In fact, if rights are socially constructed, and in a democratic society, the very idea that individual rights could be set up against the common good appears as a false dichotomy. When people define a right socially, democratically, acting in solidarity, they are defining it precisely with a view to furthering “the common good”, according to their best lights. There may be a debate about how far to extend the right so as to best effect the common good, but the idea that the right should be extended beyond that point, to imperil the common good, is nonsense.
Of course, in a non-democratic, unsolidaristic society, an elite group may try to define “rights” for itself over against the rights of some other group – i.e., they are defining some special privilege which they should have, and the others not (hence the “divine rights” of the nobility, and kings.) But from a socialist point of view, when the attempt is made to define some elite privilege as a right, to the detriment of “the common good”, then it is incumbent on the non-elites to challenge legitimacy of that right.
In other words, from a socialist point of view, “individual rights” which are contrary to the “common good” are not “rights” but “wrongs”.
With regard to property, in particular, socialists not only disagree with libertarians on how the concepts of “property” and “property rights” are constituted, we disagree on how wealth is produced. Libertarians tend to focus on an individual’s role in production as legitimizing their subsequent monopolization of part of the product. Socialists understand that all property is socially produced. The idea that is possible to uniquely and precisely determine the contribution of one person to the total output is ludicrous. None of us makes it “on our own” in this life. If nothing else, we are raised, nurtured, educated by others. Our role in the production of goods and services is deeply embedded in a social matrix: we work on committees and task groups, process materials produced by somebody else, etc. (Perhaps we should exclude the fanatical few who go out of their way to live as “survivalists”. But even the most committed, hardy mountain man probably uses steel traps made by workers in a factory somewhere.)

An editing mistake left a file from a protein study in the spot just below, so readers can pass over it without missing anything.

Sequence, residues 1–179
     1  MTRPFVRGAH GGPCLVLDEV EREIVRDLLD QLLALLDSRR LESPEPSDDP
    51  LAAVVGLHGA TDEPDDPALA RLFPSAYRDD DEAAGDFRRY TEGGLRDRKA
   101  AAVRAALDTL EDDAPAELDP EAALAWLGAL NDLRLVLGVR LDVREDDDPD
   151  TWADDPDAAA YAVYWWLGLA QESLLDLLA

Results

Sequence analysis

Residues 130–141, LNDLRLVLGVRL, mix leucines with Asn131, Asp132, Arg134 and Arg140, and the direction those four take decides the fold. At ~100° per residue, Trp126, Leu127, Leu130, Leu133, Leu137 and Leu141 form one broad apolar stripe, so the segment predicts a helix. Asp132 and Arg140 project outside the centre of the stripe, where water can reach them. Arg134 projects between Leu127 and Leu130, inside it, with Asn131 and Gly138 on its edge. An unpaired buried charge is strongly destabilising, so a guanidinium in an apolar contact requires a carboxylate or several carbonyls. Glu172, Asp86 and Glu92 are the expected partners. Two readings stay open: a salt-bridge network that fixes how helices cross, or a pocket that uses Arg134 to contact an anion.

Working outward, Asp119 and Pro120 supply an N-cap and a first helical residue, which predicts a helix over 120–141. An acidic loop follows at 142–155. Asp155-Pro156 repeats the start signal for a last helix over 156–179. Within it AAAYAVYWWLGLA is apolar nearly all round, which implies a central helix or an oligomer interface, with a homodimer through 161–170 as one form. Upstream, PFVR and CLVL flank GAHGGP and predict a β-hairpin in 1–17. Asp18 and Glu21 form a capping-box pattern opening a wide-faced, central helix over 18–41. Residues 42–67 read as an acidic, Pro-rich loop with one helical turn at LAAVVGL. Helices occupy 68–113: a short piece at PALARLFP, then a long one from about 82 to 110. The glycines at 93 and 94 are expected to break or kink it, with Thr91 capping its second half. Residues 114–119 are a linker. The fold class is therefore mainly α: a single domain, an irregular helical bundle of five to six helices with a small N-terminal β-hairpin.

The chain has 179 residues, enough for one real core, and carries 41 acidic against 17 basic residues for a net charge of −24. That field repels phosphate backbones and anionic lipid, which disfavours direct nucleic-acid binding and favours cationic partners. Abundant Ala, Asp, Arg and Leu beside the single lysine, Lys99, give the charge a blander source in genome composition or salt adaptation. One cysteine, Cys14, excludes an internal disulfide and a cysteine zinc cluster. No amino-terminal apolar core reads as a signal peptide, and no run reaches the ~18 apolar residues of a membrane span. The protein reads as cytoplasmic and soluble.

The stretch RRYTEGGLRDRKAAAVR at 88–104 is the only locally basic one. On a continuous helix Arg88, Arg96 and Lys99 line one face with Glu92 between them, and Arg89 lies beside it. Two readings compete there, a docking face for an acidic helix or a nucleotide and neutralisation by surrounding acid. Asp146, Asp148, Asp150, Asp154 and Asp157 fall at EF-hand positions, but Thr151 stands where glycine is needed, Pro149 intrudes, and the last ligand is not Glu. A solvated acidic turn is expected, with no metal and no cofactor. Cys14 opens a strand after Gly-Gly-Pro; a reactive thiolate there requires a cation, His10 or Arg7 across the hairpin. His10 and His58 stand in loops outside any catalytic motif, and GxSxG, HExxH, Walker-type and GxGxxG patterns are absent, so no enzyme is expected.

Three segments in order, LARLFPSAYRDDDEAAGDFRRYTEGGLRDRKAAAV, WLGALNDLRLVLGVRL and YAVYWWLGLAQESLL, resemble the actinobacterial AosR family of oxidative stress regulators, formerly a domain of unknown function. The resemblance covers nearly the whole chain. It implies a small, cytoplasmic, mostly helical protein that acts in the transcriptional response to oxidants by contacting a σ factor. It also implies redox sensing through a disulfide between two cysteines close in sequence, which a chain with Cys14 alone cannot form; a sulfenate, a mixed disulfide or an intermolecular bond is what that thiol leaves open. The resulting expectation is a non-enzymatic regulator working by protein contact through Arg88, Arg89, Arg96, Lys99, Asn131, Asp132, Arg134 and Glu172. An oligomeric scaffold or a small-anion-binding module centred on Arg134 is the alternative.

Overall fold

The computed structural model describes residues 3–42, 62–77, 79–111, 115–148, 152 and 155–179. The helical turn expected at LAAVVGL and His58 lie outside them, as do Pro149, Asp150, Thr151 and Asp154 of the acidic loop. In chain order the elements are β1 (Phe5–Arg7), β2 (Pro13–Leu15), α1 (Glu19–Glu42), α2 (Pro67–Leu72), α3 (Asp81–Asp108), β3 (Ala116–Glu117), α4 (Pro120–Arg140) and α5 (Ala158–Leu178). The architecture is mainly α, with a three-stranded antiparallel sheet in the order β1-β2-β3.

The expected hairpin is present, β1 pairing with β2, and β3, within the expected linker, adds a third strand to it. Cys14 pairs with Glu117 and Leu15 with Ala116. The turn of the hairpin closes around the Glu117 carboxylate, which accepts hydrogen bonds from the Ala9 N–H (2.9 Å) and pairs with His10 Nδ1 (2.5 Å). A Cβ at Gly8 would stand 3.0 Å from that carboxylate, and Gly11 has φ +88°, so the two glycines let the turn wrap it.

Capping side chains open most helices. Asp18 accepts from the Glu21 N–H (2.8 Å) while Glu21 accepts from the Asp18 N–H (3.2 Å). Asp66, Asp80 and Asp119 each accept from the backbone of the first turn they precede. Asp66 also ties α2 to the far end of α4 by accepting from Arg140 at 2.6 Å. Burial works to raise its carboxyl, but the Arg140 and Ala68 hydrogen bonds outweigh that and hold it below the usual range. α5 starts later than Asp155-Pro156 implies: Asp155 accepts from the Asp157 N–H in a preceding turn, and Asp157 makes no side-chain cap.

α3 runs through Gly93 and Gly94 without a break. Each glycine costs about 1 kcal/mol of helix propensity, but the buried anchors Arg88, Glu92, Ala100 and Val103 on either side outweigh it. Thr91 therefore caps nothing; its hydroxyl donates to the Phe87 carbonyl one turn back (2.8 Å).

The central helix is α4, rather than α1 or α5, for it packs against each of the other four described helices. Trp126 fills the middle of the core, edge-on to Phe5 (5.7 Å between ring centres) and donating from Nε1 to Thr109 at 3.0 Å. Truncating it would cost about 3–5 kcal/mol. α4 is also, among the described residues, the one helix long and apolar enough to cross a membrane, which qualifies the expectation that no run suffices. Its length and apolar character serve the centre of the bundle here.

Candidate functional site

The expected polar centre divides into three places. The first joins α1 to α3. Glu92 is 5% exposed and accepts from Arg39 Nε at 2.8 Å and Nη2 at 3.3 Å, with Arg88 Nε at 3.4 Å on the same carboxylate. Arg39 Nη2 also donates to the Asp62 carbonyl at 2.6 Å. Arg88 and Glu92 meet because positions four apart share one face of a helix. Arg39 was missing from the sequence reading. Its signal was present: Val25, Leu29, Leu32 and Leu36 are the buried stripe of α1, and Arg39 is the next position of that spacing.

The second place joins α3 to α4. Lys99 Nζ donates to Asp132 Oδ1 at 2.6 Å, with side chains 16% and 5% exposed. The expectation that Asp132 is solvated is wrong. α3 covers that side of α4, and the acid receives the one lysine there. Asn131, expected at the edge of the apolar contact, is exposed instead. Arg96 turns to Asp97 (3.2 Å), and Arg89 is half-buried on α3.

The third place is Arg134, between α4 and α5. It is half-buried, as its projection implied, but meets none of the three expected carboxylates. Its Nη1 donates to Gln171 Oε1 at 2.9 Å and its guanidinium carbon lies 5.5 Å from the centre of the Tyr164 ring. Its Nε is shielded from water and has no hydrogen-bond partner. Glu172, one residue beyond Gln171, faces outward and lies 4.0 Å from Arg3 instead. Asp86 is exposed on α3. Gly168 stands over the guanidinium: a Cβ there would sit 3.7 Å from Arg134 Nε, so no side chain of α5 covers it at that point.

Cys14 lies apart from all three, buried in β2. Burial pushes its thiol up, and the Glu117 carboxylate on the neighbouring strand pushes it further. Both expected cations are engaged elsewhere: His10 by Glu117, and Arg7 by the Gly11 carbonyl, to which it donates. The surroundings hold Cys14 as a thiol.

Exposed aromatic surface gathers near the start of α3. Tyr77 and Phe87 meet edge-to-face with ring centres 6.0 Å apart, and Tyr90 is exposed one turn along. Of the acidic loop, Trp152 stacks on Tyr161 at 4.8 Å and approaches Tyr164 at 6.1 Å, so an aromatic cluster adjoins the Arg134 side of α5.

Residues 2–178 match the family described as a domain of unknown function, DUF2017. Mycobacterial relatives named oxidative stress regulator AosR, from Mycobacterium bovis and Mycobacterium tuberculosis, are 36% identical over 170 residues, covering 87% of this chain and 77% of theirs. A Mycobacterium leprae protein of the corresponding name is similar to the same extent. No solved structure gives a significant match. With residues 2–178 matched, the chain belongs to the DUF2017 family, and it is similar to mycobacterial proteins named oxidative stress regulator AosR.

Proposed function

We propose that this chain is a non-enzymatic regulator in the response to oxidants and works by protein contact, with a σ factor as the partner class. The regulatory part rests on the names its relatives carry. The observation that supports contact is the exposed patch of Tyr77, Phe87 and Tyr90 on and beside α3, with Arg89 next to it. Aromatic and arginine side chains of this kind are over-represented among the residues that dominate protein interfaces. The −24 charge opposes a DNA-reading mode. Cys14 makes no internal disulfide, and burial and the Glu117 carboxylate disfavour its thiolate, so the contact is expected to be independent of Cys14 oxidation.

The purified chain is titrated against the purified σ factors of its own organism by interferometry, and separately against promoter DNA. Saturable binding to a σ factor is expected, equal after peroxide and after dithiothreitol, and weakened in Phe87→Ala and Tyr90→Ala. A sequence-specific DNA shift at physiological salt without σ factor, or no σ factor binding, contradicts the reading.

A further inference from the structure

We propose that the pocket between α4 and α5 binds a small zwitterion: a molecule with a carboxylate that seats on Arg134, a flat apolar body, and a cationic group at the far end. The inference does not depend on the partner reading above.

Since wealth is socially produced, socialists believe that society should make collective decisions about how to use and distribute it. This doesn't mean society "owns" the shirt on your back. Socialists make a distinction between personal property and productive property, or capital. The ability to live a decent life requires a certain amount of non-interference by others in the basic day-to-day decisions affecting your life, and this implies a de facto “right” to “enjoy your personal property”. But accumulations of property – capital – are a productive resource that affects the lives of tens, hundreds, thousands, even millions of people. Decisions as to the use of that kind of property should be made collectively, with the fullest democratic participation possible of all people who will be affected.
In a sense, socialism, the kind of socialism that Democratic Socialists of America espouses, is simply deep democracy. We believe that all important decisions affecting our lives should be made with the full participation of all who are affected by them. The selfish will of the few should never be allowed to trump the human need of the many.
References: Robert Nozick’s “Anarchy, State, and Utopia” is a worthy polemic on libertarian theory by a serious (even if, in this case, completely wrong) philosopher. Frans De Waal “Good Natured”, which I’ve also referenced in a couple of other posts, has a good discussion on primate sharing behavior. “Understanding Capitalism” by Samuel Bowles, Richard Edwards and Frank Roosevelt has (mostly in side bars) some interesting ethnographical information of differing property relations. It also discusses some of the other themes above, and is an excellent basic text book on classical economics written from a democratic socialist point of view.